What to look for in a DIY 3D Printer kit?
Not all kits are the same and as I alluded to in the past, some kits come complete with everything you need to build your own, while others leave out some of the hardest to find or more expensive parts. It's very important when choosing a kit that you reference the printer's bill of materials against the parts listed in the kit, as some kit makers do not disclose what parts they leave out. In this section, I'm going to go over a few different kits that I feel are some of the best available.
Prusa Mendel Kit from Maker Farm - This kit is to help you build a V2 Linear Bearing Prusa 3D printer and features a Greg's Accessible Extruder. This kit features V2 Linear Bearings which are far superior to any of the printed bushings or bronze bushings you will find another kits. This equates to better prints and easier assembly. This is because the Linear Bearings have virtually no resistance so everything slides like butter.
The kit includes everything you need from printed parts, to hardware, and even electronics; however there are a few parts you will need to purchase separately. Threaded and smooth rods are not included, and you will need to source a PC power supply to power the unit. A piece of glass is needed for the heated bed as well as the supporting Kapton tape and binder clips which hold the glass to the bed.
This kit will run you about $550 before the purchase of additional parts, but it is a good way to get started quickly. Unfortunately at the time of this publication Maker Farm seems to be out of stock on this kit, but it should come back in stock shortly.
Prusa 8" i3 kit from Maker Farm - As I mentioned earlier, the Prusa i3 is a fairly new printer to me, and as such I am not quite as familiar with it as I am other RepRap 3D printer designs. However, I do know the man behind the design, and if his previous works are any indication, the Prusa i3 is a superior printer to the Mendel design. Maker Farm has a laser cut 8" x 8" x 7.25" i3 Kit that is said to be the easiest to build out of any 3D printer kit they have carried. It includes everything you need to get up and printing except for an ATX PSU and sheet of glass for the build platform.
Retailing for $560, the Prusa 8" i3 kit appears to be one heck of a deal and I may just pick up one for myself to see how well it prints.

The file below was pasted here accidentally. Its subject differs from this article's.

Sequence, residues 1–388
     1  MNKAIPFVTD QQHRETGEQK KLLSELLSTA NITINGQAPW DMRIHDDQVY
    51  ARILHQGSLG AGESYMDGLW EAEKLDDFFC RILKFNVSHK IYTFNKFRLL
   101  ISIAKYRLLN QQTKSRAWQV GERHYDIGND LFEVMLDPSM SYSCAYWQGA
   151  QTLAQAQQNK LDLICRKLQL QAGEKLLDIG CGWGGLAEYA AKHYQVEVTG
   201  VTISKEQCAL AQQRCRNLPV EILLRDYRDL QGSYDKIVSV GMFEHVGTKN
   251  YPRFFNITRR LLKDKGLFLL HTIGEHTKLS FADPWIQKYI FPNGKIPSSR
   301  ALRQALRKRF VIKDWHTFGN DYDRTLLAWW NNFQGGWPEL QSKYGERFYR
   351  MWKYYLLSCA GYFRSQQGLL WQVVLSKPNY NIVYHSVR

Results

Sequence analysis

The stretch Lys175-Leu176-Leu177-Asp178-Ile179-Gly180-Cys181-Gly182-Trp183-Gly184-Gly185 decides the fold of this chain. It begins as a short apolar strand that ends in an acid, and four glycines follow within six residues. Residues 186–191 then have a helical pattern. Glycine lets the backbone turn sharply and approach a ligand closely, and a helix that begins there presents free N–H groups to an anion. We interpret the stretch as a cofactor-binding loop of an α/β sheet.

Printrbot LC and PrintrBot Plus - PrintrBot burst onto the 3D printing scene early last year and is the result of a highly successful Kickstarter campaign. Today they offer four different models covering the whole range of build volumes and budget levels. Each kit comes with everything you need to get started printing and the only extra purchase you will need to make is some extra filament because you will be printing so much.
The Printrbot LC (Laser Cut) was one of the first models released by the company and features a 6" x 6" x6" build envelope. It is a little tricky to put together, but build instructions and documentation is one thing the PrintrBot crew excels in. It is available with 3mm or 1.75mm filament provisions, and a fan mount with fan. At $649 it is a little more expensive than the Prusa i3 kit listed above, but it comes with better build instructions.
The Printrbot LC PrintrBot PLUS is identical to the Printrbot LC except it features a larger build envelope of 8" x 8" x8". This is very close to the Prusa i3, but cost almost $300 more. On the upside the printer has been around for about a year, so there are many users in the printer bought community page who are more than willing to lend a hand when issues arise.
Printrbot Jr and PrintrBot Simple - Featuring a 4.5" x 5.5" x 4" filled envelope, the Printrbot LC Printrbot Jr is a much simpler version of the Printrbot design. Unlike its larger siblings, it is only able to print in PLA and uses one less motor than the two Printrbot models mentioned above. The company touts this as being a more kid friendly version, but with the extruder still reaching temperatures high enough to melt plastic, parental guidance is still advised. The Printrbot Jr is the cheapest kit we have featured yet coming in at $399.
Rounding out the Printrbot offerings is the Printrbot Simple, a new mini sized 3D printer with a build envelope of 100mm. At the moment it's still in the beta phase, but will retail for $299 when it launches later this month.
Mendel Max kit by TeraWatt Industries - This is an entire do-it-yourself Mendel Max version 1.5 kit, and features a Greg's accessible extruder. It features a build volume of 8" x 7.5" x 4" and all you will need to add is a sheet of glass for the build plate and an ATX power supply. Coming in at just over $1,225, this is a serious commitment to consider when purchasing your first 3D printer. As I mentioned before, the Mendel Max is by far my favorite design, as it allows for faster printing speeds and a more rigid frame which equates to better quality prints.
Mendel Max 2.0 kit by Makers Tool Works - The Mendel Max 2.0 is the next generation of the super rugged robust RepRap derived 3D printer. It features a build volume of 9" x 10" x 7", which is significantly larger than the original Mendel Max. At the moment the kit is still in the beta stage that comes with everything you need to build your own Mendel Max 2.0. Priced at $1,495, it is the most expensive kit listed, but has the largest build volume out of all we have looked at. Keep in mind this is a beta kit and documentation is still being put together.
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